¼ cup bread crumbs or panko

With a fork, flake the salmon until it is uniformly broken up. Add the remaining ingredients, stirring well to incorporate. Form into 6-8 small patties.

Heat 2 Tbsp oil in a skillet over medium-high heat. Cook the salmon patties about 3-4 minutes, or until golden brown, on each side.

Serve immediately with a side salad or veggies, some wild rice and a creamy sriracha sauce.

Creamy Sriracha

2 Tbsp mayonnaise
1 Tbsp Dijon mustard
1 Tbsp sriracha or other chili-garlic sauce
1 tsp honey

Combine all ingredients by stirring well and serve.

Wednesday, October 14, 2009

Operation Zero

Kaiser Permanente’s Operation Zero is an eight-session program designed for overweight children ages 11-17 to help them and their parents learn healthy tips and habits to fight obesity. I was happy to be a part of a recent session at the Cascade medical facility to show the kids how to make some dishes that are high in protein and complex carbs, low and fat and big on FLAVOR! To learn more or register a child call 404-365-0966.

Very Berry Soda
Berry soda

Fill a tall glass 2/3 full with ice cubes.
Pour half full with club soda or sparkling mineral water.
Top off with an all-natural dark berry juice blend such as cran-blueberry.
Stir and enjoy the refreshing burst of antioxidants and flavor!

Fiesta Nachos
Fiesta nachos
1.5 lbs ground lean turkey
1 lb bag of frozen corn and black beans with peppers (Fiesta Blend)
1 Tbsp dried Italian Herb Blend
2 Tbsp ground cumin
Salt and black pepper
1.5-2 cups mild salsa
1 ½ lb bag of baked tortilla chips
½ cup “Mexican style” shredded cheese

Brown turkey in a skillet, stirring frequently until well crumbled. Drain off excess fat in necessary and add the remaining ingredients. Continue cooking until heated through. Place tortilla chips onto a large platter and top with shredded cheese. Carefully spoon the hot turkey mixture on top and serve immediately.

Fruit & Cream Pizza

Fruit pizza
1 multigrain pre-cooked pizza crust
1 8 oz pkg whipped cream cheese (plain or flavored)
an assortment of fruits, sliced into bite sized pieces
Honey or agave nectar

Spread cream cheese onto the top of the pizza crust.
Arrange the fruit in a creative pattern with no spaces in between.
Drizzle lightly with honey or agave nectar.
Slice like a pizza and enjoy!

Monday, October 12, 2009

Dear Life Chef: Butternut Squash Soup

Dear Life Chef,

I love butternut squash. Do you have a good soup recipe using it?

-Hungry in Atlanta

Butternut squash soup is INSANELY EASY so here's a really basic approach to a bowl of yumminess that easily adapted to be vegetarian or vegan. The hardest part is peeling those doggone butternut squashes. But once you peel and seed it, cut it into cubes and cook it in a pot with enough stock (veg or chicken) to cover it by 2-3 inches along with peeled and grated ginger, a couple of bay leaves, 1 cinnamon stick and some curry powder. Simmer it long enough for the squash to become tender, remove the bay leaves and cinnamon stick and season with salt and pepper. Next, puree the soup in batches in a blender, dropping in a few chunks of cold butter as you blend to emulsify the soup (extra virgin olive oil would work too). Or if you have an immersion blender (stick blender) this is a great opportunity to use it. If the soup is too thick, carefully add more (hot) stock, water or cream to the blender. If you want a refined soup, strain it before returning it to the pot to heat all the way through. I'll have a full fledged butternut squash soup recipe coming soon!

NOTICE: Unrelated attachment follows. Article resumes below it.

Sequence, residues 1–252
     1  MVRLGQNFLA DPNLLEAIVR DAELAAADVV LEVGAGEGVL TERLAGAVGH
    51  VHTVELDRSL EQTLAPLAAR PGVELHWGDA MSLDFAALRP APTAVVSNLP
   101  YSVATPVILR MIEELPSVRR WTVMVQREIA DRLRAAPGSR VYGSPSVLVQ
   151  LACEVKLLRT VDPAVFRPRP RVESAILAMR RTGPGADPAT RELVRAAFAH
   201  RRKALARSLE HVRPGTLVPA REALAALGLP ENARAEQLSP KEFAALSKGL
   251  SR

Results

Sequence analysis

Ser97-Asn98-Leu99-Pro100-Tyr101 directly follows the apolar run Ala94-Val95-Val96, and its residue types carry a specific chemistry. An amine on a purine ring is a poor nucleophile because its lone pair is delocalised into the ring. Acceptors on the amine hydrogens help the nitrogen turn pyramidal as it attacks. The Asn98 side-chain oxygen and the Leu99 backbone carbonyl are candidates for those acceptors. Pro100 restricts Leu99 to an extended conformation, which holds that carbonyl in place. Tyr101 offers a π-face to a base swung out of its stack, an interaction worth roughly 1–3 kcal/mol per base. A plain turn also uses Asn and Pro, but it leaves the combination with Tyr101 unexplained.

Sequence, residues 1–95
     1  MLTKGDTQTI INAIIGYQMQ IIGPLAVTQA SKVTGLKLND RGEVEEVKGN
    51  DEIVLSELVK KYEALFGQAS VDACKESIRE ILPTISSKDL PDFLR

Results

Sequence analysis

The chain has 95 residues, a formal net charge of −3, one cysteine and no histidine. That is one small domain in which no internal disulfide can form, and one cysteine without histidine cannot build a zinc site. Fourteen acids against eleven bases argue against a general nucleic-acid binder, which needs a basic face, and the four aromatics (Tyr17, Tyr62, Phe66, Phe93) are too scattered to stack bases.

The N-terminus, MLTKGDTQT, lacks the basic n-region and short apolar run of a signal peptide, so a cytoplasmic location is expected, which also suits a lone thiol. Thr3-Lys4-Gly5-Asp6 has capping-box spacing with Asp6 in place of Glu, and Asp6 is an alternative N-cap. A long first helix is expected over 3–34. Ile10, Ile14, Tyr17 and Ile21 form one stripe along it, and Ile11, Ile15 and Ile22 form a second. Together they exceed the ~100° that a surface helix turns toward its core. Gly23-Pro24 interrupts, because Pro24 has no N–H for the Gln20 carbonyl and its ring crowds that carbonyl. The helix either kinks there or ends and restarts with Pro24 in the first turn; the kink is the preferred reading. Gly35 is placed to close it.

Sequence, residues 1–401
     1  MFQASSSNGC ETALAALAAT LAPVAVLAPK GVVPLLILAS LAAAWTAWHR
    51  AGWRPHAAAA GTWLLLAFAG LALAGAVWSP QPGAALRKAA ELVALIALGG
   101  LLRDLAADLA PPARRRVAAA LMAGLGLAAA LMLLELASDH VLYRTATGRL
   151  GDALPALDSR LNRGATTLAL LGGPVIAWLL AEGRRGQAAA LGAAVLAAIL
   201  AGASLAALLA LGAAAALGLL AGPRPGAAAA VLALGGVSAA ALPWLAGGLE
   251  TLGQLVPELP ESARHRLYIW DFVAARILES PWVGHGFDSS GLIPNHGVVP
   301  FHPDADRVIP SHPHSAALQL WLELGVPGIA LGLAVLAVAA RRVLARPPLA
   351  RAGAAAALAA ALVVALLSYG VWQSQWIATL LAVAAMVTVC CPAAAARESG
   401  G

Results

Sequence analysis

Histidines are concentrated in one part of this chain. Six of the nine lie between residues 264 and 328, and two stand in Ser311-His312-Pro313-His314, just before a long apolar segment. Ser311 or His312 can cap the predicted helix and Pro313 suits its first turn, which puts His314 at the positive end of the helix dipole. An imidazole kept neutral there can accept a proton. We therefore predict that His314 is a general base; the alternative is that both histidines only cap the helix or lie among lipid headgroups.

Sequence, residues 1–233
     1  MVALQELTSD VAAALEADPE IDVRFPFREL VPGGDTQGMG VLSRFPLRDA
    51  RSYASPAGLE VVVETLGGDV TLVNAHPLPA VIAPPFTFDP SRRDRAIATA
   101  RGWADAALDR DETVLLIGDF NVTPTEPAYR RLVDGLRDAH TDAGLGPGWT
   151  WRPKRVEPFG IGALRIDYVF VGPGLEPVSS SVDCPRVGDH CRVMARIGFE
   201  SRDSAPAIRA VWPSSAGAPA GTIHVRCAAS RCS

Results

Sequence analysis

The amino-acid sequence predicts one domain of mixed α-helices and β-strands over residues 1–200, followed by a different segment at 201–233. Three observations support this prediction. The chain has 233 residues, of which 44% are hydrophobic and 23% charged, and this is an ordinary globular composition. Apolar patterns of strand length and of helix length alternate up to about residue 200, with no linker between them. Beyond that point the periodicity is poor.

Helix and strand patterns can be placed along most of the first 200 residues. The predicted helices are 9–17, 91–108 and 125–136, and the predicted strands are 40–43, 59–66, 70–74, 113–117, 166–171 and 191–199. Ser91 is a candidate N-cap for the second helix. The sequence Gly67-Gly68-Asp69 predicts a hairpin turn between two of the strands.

Sunday, October 11, 2009

Blackeyed Pea Burgers with Jalapeno Mayo

Bep & burgers chix artch spin pasta

Pictured here with Whole Wheat Pasta Salad with Spinach, Artichokes and Chicken

Blackeyed Pea Burgers

• 1 (16 ounce) bag frozen black eyed peas
• 2-3 Bay leaf
• 2 cloves Garlic, diced
• 1 small onion, minced
• Salt & pepper
• 1 onion, diced
• 1 bell pepper, diced
• 2 Jalapeno peppers
• 2 Tbsp fresh thyme leaves
• 2 eggs
• 2 tablespoon cumin
• 1/2 steel cut rolled oats
Place peas in a large pot, cover with water by 2 inches. Add 2 cloves of garlic and minced onion. Season with salt and pepper and cook over medium high heat until beans have simmered about 20 minutes or until tender. Drain and set aside.

When beans have cooled enough to handle, puree in batches if necessary, in a food processor until the beans are broken down (Don’t be surprised if they don’t become creamy in texture, but remain a little crumbly. That’s fine.)

In a large pan heat 2 Tbsp of oil over medium high heat. Add 1 diced onion, bell pepper and jalapeno and saut̩ for about 3 Р5 minutes or until tender. Add the oatmeal, thyme and cumin and stir continuously until fragrant and cumin is toasted. Remove from heat and allow to cool slightly.

When cool enough to handle combine pureed beans and onion mixture in a large bowl, and mix in the eggs until thoroughly incorporated. Form into about 6 bun sized patties (these will not shrink).

Heat 1-2 Tbsp oil in a skillet over medium high heat and cook the patties about 4 minutes on each side.

Serve on toasted whole wheat buns with Jalapeno Mayo.

Jalapeno Mayo
½ cup mayonnaise
2 jalapenos, diced
Pinch cayenne pepper (to taste)
Juice from 1 lemon (about 2 Tbsp)

Combine all ingredients in a bowl, mixing thoroughly. Can be kept refrigerated in an airtight container for up to 2 weeks.